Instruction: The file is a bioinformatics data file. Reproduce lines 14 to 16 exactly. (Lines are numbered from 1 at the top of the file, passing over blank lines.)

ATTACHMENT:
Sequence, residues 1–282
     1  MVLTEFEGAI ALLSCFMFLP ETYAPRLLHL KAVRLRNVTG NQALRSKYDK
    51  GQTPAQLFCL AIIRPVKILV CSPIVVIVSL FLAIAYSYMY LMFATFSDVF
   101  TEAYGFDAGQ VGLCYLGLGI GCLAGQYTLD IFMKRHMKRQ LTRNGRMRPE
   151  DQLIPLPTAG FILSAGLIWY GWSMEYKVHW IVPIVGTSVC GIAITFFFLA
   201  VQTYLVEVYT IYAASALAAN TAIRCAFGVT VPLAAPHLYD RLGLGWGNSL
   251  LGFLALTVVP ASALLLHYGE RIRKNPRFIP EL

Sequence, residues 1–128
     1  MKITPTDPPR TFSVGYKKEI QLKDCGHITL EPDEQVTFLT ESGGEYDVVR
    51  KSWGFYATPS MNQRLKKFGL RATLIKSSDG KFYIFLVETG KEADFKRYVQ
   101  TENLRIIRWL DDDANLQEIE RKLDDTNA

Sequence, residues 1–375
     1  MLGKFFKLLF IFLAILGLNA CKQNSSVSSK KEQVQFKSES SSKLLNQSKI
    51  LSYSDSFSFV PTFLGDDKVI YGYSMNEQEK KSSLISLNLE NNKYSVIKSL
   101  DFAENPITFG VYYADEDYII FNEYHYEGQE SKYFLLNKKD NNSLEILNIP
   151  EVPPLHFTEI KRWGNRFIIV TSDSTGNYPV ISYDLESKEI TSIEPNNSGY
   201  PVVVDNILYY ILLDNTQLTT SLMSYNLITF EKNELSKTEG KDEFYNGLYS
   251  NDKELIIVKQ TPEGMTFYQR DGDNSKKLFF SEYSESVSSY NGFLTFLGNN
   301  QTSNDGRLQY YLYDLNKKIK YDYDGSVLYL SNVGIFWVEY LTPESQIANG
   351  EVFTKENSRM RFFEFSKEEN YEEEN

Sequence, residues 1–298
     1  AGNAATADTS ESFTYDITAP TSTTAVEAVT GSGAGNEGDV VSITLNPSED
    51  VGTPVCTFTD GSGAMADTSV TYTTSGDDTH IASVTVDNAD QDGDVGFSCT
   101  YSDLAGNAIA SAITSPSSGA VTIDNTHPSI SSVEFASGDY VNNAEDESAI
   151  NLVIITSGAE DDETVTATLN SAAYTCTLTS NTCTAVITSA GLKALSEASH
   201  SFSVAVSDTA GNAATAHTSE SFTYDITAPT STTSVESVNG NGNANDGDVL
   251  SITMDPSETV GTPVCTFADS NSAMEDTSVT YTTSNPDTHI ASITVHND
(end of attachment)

    51  LSYSDSFSFV PTFLGDDKVI YGYSMNEQEK KSSLISLNLE NNKYSVIKSL
   101  DFAENPITFG VYYADEDYII FNEYHYEGQE SKYFLLNKKD NNSLEILNIP
   151  EVPPLHFTEI KRWGNRFIIV TSDSTGNYPV ISYDLESKEI TSIEPNNSGY